“Sure,” I tell her bravely. She refills both glasses and
them to her bedside. After we get into bed and pull the covers over us, I’m not so sure. I don’t know why, but it feels strange for the two of us to do this. The last time we were in bed together was in Denver, and I was kissing her. I’m thinking about it, and I can tell she is too. I’m really stoned, and my mind is wandering all over the place while my body lies rigidly still. I’m an island in the sheets, and my heart is pounding out indigenous rhythms of warning. I’m afraid if I move my legs they might brush against her. Every time I swallow I feel it’s being broadcast through a bullhorn. Of course that’s probably crazy, but I’m stoned and paranoid, and gay. “Harry,” she whispers, “thank you for protecting me.” “You’re welcome,” I say.
She leans over and kisses me sweetly on the lips. My eyes are open, and so are hers. She looks at me and smiles. We kiss again, our mouths closed, but our lips soft and relaxed. It’s pleasant. Not full of heated passion, and not the kind of kisses that make me want to rip off my clothes, but nice. Soft. Loving.
She pulls back and sinks into her pillow. “And thank you for kissing me,” she says, evidently wanting nothing more. Then she rolls over and puts her arm across my chest, and within a minute she’s out. Fast asleep. With a satisfied smile on her face.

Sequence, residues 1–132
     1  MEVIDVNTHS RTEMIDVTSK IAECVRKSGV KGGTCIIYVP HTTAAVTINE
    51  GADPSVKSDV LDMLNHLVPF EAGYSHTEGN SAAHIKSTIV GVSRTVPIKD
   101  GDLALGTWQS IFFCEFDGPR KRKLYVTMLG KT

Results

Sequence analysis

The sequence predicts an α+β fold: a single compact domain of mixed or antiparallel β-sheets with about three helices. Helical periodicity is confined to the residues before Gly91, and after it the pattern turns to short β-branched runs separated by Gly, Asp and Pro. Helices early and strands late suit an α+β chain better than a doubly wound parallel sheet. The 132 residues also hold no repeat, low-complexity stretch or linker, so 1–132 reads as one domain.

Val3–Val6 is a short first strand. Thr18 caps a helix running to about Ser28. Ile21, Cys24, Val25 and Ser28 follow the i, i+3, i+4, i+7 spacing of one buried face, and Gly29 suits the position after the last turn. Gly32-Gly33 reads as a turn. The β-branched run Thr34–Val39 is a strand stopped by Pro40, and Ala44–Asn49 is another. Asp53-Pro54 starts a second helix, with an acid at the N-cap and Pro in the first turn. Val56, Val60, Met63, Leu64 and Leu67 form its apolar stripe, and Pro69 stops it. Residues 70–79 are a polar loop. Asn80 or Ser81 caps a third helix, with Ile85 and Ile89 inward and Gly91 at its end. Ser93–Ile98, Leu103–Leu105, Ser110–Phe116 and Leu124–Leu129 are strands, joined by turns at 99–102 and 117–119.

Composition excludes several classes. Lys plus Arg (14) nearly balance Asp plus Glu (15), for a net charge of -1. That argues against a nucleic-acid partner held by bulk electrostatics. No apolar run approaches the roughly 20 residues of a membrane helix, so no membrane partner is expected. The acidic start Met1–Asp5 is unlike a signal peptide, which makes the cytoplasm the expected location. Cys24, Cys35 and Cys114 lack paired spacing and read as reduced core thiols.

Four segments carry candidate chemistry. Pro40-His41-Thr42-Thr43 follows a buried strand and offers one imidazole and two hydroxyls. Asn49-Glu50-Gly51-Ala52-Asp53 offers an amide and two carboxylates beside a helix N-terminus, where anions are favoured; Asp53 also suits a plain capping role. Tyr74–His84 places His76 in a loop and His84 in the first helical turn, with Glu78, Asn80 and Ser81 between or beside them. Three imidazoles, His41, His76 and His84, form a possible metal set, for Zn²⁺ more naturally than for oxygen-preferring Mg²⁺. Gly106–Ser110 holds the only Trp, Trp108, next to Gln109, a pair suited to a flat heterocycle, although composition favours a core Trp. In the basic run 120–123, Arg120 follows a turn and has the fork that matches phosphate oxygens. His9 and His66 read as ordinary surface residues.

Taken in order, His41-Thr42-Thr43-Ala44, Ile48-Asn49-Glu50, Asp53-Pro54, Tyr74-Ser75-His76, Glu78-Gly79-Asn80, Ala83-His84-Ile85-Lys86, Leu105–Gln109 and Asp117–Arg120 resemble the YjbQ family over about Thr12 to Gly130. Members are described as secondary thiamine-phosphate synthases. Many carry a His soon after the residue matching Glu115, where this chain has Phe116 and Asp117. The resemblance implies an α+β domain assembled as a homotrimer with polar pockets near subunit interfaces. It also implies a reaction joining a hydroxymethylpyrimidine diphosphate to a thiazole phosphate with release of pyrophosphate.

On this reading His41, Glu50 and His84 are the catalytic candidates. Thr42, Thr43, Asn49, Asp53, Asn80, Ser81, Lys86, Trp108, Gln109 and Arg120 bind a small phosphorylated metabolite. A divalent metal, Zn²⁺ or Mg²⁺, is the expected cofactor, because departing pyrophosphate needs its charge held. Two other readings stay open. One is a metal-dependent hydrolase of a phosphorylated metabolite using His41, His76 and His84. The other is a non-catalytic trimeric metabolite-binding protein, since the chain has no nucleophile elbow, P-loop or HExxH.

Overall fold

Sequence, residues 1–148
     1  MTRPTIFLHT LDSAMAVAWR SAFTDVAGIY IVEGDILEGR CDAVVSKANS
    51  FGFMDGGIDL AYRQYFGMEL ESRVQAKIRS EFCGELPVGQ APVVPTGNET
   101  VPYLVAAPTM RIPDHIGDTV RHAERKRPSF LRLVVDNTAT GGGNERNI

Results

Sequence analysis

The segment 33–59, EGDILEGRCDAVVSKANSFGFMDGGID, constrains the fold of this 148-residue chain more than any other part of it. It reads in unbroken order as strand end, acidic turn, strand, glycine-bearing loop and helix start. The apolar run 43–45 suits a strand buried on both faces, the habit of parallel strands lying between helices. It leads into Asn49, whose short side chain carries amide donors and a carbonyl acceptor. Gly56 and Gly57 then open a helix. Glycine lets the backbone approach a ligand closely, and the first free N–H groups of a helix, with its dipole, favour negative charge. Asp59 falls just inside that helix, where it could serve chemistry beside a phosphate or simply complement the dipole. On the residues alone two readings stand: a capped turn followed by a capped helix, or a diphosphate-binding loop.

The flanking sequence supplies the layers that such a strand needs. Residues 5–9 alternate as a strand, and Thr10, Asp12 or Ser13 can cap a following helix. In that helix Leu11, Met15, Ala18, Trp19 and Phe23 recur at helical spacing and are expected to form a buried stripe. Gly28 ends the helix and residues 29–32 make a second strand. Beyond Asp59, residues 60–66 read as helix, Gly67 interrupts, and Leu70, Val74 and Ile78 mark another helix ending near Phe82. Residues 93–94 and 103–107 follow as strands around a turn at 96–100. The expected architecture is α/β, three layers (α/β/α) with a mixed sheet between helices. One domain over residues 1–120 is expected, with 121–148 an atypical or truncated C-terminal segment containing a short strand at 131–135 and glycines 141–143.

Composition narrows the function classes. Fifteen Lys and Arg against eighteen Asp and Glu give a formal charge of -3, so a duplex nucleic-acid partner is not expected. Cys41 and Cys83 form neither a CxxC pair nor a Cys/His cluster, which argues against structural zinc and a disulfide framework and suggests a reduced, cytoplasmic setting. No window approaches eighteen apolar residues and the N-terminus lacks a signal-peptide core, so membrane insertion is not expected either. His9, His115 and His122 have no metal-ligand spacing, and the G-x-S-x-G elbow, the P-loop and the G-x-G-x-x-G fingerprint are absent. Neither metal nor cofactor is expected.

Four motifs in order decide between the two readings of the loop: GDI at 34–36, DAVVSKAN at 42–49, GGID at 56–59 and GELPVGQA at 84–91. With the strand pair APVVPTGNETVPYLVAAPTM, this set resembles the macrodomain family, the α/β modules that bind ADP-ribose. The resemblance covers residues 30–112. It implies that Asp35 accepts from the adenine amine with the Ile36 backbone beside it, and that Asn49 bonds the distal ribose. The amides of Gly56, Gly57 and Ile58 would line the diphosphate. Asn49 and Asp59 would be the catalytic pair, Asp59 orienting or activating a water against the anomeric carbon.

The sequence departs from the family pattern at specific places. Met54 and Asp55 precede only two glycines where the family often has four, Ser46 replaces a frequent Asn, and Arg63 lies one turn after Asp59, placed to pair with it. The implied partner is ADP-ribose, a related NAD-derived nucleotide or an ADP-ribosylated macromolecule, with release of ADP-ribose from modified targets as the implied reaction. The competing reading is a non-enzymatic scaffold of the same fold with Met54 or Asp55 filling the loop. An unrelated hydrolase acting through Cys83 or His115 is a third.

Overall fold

“She’s out on a trip. Chicago, I think.” “What’s her name again?” “Amity Stone.”
“Amity Stone. God, that sounds familiar. I know I’ve heard that name before,” my friend, Randy, says, looking up to the ceiling to grab an invisible memory. Randy’s a knock-dead handsome Jewish-Italian guy who speaks with a Texas accent. He lives with his boyfriend in Austin. I met him in college. He was in the theater department for five minutes before transferring to a school in Texas to major in fashion merchandising. I’ve flown over to Austin on my day off, and this is the first time I’ve seen him in two years. We’re sitting at the kitchen table, eating a spread of salami, crackers,
pickles, rye bread, and cold potatoes washing it all down with a couple of cold beers.
“She’s wild. We’re always having fun. I swear, Randy, there’s nobody like her.”
“What’s different about her?”
“She just doesn’t have that internal cautionary mechanism, that off switch that most of us have. You know, the one that keeps you from being too honest or too carefree or too sexual.”
“Let’s go straight to the sexual part. What do you mean? Too sexual?”
“She goes for it. If she wants some guy, she fucks him. Period.” “Definitely a shiksa.”
“And I just know, no matter who she’s in bed with, she’s top.
“A shiksa with a dicksa.”
“And she’s straight on with me about the fact that she money and guys with big dicks. I don’t know why she’s han out with me I’m not getting any inheritance from my father, I don’t have a big dick.”
“And you’re gay,” Randy laughs, putting salami onto a